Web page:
Do you wake up tired? Do you find yourself drowsy while driving? Do you ever force yourself to stay awake to finish that one last thing? If this sounds familiar, you are like the majority of people who need more zzzzz’s at night, especially as the holidays approach.
For many people, sleep almost seems a waste of time. You probably know the expression, “you snooze, you loose.” It sounds good, but it couldn’t be further from the truth. A 2002 National Sleep Foundation (NSF) Sleep in America poll found that 74 percent of American adults have some type of sleep problem a few nights per week or more, 39 percent get less than 7 hours of sleep each weeknight, and more than a third (37 percent) say too little sleep interferes with their daily activities.
How Much Sleep Do You Need?
According to NSF, here’s how much daily sleep you should get, including naps:
|Infants/Babies||0-2 months||10.5-18.5 hours|
|2-12 months||14-15 hours|
|Toddlers/Children||12-18 months||13-15 hours|
|18 months – 3 years||12-14 hours|
|3-5 years||11-13 hours|
|5-12 years||9-11 hours|
|Adults/Older persons||On average 7-9 hours|
Seven Ways Snoozing Affects Your Cruising:
Too little sleep affects just about every part of your life. Here’s what happens if you don’t get enough sleep:
1. Mood: More sleep makes you less irritable.
2. Concentration: Being too tired affects concentration about the equivalent of having one alcoholic beverage.
3. Dangerous driver: The National Highway Traffic Safety Administration estimates vehicle crashes due to driver fatigue cost Americans $12.5 billion per year in reduced productivity and property loss. Nearly 5 percent of adults surveyed by the Center for Disease Control (CDC) nodded off or fell asleep while driving at least once in the past month. Nearly 40 percent said they had unintentionally fallen asleep during the day at least once. More than 1,500 people die every year in car crashes due to the driver dozing off or being too tired.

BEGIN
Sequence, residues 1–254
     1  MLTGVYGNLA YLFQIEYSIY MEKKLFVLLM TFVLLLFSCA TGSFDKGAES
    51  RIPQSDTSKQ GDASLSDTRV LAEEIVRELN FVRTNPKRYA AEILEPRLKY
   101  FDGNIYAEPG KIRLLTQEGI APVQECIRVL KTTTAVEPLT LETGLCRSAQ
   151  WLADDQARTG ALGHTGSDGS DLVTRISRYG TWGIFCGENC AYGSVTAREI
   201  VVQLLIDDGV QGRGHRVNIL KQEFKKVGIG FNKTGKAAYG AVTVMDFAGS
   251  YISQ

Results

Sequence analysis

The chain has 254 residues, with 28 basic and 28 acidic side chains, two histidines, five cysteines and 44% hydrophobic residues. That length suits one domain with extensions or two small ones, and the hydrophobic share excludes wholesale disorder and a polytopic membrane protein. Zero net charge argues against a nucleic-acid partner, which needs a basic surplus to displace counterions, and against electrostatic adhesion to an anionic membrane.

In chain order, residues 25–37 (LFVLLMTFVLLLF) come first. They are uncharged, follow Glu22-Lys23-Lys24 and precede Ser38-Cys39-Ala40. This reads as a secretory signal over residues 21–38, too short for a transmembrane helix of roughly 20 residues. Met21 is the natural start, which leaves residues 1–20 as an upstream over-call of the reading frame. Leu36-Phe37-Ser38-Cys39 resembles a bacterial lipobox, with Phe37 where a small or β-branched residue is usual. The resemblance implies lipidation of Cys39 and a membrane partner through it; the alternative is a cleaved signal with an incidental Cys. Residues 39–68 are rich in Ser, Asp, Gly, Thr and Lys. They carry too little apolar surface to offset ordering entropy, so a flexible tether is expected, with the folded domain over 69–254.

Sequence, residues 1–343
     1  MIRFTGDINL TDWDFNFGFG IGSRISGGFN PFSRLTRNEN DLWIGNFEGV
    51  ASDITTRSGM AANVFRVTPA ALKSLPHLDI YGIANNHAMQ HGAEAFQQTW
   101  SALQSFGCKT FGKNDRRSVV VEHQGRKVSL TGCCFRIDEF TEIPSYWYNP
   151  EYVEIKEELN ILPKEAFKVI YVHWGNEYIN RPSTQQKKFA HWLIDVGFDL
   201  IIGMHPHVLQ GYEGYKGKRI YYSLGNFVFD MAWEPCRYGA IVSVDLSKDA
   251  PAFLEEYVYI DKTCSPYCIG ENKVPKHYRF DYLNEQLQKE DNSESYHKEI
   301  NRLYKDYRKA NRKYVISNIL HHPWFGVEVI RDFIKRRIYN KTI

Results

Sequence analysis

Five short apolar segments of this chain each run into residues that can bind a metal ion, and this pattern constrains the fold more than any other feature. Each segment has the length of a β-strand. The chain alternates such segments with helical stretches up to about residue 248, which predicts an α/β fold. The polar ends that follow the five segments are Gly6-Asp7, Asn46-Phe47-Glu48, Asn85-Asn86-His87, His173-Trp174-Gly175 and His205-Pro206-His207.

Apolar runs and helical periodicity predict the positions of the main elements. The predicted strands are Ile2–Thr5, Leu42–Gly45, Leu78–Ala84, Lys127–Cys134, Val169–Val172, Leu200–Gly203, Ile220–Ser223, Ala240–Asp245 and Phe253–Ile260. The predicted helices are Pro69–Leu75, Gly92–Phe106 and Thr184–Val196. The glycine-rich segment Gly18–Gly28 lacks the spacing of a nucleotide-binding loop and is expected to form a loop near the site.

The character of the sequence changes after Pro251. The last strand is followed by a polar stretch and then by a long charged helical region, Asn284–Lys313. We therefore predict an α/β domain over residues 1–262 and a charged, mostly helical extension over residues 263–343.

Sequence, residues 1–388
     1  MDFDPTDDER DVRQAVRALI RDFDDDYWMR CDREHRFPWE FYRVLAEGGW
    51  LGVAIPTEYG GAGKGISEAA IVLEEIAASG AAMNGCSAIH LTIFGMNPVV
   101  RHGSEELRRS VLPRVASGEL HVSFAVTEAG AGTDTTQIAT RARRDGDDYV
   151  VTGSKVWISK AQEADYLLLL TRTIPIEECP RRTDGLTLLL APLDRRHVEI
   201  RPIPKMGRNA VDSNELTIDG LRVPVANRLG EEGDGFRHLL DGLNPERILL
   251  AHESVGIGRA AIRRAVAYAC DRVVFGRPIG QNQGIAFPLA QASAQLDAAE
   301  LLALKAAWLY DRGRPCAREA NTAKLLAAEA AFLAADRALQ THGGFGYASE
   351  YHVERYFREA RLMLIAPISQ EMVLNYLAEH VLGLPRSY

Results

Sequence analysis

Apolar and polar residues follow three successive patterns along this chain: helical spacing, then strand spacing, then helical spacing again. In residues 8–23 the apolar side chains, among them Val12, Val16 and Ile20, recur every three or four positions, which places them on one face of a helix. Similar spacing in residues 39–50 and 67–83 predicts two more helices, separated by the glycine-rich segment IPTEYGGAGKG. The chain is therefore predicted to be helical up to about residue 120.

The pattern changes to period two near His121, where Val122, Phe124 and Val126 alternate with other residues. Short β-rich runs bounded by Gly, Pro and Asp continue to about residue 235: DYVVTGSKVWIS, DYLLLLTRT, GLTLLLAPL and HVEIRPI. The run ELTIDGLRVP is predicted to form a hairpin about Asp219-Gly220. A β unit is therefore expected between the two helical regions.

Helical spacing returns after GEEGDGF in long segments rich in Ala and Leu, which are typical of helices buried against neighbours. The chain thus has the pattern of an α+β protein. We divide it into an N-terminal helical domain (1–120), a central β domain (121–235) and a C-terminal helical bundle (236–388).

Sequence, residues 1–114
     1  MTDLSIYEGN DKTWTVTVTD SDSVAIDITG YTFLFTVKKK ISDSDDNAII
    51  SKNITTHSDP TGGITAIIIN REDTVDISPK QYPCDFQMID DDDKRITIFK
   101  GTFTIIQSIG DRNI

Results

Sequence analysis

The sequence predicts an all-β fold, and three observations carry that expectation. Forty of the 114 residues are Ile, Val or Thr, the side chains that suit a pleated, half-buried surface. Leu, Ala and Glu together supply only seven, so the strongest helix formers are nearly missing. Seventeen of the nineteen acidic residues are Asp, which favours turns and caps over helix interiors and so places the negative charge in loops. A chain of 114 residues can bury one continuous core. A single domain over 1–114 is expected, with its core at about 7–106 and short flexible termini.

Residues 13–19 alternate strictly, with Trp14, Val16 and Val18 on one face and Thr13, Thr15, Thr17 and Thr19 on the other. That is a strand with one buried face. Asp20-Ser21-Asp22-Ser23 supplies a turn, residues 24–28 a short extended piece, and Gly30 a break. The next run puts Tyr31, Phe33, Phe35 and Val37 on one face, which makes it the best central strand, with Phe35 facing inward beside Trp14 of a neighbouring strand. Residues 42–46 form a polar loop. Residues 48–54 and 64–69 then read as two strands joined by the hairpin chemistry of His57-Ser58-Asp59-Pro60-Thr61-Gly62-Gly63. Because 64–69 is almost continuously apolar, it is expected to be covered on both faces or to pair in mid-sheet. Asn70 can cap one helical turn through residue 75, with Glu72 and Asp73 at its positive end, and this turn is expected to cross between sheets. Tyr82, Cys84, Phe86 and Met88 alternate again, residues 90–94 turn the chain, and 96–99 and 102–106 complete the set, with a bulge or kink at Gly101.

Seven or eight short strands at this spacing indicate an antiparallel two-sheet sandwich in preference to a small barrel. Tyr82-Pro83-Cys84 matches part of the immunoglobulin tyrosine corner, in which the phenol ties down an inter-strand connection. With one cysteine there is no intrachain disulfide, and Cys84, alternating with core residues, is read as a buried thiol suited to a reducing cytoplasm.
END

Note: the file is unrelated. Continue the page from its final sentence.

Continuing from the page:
4. Decision making: People who are tired make poor decisions and have difficulty deciding.
5. Poor performance at work: It’s hard to do a great job when you can’t concentrate, make poor decisions and feel irritable. According to a NSF poll, sleep loss costs US employers an estimated $18 billion in lost productivity.
6. Increased risk of diabetes: Poor sleep increases blood sugar levels and makes insulin (the hormone that gets sugar from the blood stream into the cells) less able to do its job.
7. Increased risk of obesity: Poor sleep increases hormones the stimulate appetite and decreases hormones that tell us we have had enough to eat. Stated simply, people who don’t sleep enough eat more.